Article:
The pair <*S*, +> is said to be a *group* if:

- for every
*a*,*b*, and*c*in*S*, (*a*+*b*) +*c*=*a*+ (*b*+*c*); - there is an identity element 0 in
*S*such that for every*a*in*S*, 0 +*a*=*a*+ 0 =*a*; and - for every
*a*in*S*, there is an inverse -*a*such that*a*+ -*a*= -*a*+*a*= 0.

If we use the symbol `*` as the operator in the group, we
usually call the identity 1 and write the inverse of *a* as
*a*^{-1}.

A group <*S*, +> is said to be *commutative* if for
every *a* and *b* in *S*, *a* + *b* =
*b* + *a*. We also call such a group an *abelian group*.

Suppose *S* has *n* elements. Then we say the group
<*S*, +> is of *order n*.

Let <*S*, +> be a group of order *n*. We
abbreviate the sum of *i* *a*'s, *a* + *a* + ... +
*a*, as *ia*. (Likewise, we abbreviate the product of
*i* *a*'s, *a* `*` *a* `*`
... `*` *a*, as *a ^{i}*.) <

Let <*S*, +> and <*S'*, +> be groups such that
*S'* is a subset of *S*. Then <*S'*, +> is said
to be a *subgroup* of <*S*, +>.

The triple <*S*, +, `*`> is said to be a *ring*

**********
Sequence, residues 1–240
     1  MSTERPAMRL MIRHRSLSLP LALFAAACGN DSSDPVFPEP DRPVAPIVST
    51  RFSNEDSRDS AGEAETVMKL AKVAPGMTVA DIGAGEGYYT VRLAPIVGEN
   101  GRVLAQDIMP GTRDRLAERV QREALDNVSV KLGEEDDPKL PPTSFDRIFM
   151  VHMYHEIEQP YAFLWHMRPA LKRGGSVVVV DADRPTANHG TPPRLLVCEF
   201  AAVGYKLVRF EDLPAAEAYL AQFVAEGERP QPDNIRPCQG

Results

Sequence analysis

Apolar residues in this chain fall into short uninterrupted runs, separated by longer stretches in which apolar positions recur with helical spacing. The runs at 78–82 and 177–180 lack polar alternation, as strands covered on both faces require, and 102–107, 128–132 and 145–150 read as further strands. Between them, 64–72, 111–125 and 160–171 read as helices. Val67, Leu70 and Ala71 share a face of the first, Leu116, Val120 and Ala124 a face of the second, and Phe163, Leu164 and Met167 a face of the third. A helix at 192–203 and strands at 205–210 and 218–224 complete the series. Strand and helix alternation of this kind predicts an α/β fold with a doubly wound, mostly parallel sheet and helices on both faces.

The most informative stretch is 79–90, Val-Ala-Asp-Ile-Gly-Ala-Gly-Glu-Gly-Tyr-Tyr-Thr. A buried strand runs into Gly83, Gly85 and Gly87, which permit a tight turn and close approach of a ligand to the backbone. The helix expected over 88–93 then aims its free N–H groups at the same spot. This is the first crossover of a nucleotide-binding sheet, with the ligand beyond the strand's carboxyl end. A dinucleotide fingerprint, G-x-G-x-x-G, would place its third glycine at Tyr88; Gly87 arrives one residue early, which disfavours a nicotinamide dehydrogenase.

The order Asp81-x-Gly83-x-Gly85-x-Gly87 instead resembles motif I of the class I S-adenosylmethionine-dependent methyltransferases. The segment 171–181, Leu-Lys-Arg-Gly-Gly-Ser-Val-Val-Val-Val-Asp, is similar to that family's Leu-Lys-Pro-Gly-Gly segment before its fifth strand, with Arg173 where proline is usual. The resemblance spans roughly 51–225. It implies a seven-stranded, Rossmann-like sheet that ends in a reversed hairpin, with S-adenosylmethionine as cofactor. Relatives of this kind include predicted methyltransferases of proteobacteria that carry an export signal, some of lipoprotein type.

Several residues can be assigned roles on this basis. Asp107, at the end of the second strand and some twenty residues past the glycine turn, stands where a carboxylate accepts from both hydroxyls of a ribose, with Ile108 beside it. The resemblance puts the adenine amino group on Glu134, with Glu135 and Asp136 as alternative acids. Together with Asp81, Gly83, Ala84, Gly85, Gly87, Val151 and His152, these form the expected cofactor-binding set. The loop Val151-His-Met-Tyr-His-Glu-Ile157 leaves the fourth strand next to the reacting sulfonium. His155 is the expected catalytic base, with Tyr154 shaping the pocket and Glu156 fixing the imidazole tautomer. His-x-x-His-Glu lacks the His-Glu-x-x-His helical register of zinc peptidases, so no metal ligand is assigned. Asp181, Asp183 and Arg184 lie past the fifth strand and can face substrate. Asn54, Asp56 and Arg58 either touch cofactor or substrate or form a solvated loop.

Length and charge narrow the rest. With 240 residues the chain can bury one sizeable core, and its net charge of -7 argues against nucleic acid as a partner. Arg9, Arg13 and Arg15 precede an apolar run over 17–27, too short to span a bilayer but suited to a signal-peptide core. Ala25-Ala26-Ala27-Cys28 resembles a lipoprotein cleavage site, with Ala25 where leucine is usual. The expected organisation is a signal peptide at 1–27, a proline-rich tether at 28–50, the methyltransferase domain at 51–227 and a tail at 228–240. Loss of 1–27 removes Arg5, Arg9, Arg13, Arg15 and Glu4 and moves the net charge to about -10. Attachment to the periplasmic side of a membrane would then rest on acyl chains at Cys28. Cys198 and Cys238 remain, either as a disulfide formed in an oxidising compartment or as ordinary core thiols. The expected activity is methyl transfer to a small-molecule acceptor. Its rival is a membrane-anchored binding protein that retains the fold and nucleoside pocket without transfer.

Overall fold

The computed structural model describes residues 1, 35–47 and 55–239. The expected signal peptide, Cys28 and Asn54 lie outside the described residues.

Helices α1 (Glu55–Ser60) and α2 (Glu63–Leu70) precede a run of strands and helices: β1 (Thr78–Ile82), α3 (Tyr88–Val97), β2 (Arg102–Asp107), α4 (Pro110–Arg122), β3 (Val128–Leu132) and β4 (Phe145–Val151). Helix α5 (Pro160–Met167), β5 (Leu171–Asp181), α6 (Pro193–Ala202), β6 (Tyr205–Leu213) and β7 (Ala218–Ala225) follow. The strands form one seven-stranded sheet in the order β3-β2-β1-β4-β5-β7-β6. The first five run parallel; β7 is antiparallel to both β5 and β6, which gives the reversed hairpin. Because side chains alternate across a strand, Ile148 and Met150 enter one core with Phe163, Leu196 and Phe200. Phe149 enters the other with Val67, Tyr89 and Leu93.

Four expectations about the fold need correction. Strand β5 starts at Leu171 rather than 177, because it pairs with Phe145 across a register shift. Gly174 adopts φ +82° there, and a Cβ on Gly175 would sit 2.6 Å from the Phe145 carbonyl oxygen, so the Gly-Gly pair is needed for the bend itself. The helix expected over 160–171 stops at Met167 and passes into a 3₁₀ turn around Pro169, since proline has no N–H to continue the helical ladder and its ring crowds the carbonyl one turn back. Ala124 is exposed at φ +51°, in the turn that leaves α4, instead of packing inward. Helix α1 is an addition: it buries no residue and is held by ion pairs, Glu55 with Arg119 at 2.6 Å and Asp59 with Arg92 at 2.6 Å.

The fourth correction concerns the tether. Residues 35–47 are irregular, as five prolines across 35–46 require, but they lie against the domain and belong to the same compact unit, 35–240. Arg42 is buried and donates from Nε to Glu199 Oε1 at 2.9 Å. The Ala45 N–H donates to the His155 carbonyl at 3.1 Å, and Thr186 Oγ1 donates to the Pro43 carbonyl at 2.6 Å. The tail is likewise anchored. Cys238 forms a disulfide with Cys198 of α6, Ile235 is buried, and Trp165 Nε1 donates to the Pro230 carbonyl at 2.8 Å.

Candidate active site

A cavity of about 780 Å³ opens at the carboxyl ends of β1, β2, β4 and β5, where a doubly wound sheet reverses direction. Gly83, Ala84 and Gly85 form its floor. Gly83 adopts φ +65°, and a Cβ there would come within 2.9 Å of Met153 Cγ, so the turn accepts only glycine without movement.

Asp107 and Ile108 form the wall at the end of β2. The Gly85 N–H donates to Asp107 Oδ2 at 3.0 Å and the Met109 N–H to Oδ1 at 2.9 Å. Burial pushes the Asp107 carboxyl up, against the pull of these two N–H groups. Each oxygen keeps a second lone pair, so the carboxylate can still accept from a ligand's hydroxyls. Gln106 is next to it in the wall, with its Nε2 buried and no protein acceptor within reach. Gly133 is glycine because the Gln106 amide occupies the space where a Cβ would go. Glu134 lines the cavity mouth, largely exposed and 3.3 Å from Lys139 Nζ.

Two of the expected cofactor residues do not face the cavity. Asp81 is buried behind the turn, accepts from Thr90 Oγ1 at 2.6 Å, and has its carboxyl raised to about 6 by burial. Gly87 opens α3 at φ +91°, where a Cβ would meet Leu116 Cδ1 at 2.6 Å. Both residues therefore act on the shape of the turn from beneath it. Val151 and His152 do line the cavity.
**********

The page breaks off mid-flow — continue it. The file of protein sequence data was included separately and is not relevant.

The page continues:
if:

- <
*S*, +> is an abelian group; - for every
*a*,*b*, and*c*in*S*, (*a*`*`*b*)`*`*c*=*a*`*`(*b*`*`*c*); and - for every
*a*,*b*, and*c*in*S*,*a*`*`(*b*+*c*) =*a*`*`*b*+*a*`*`*c*and (*b*+*c*)`*`*a*=*b*`*`*a*+*c*`*`*a*.

If there is an element 1 in *S* such that for every *a* in
*S*, 1 `*` *a* = *a* `*` 1 = *a*,
then the ring <*S*, +, `*`> is said to be a *ring
with unit element*.

If for every *a* and *b* in *S*, *a* `*`
*b* = *b* `*` *a*, then the ring <*S*,
+, `*`> is said to be a *commutative ring*.

Let 0 be the additive identity (i.e., the identity of <*S*,
+>) of the ring <*S*, +, `*`>. If
<*S*-{0}, `*`> is an abelian group, then
<*S*, +, `*`> is said to be a *field*.

Copyright © Rod Howell, 2001. All rights reserved.

Rod Howell (howell@cis.ksu.edu)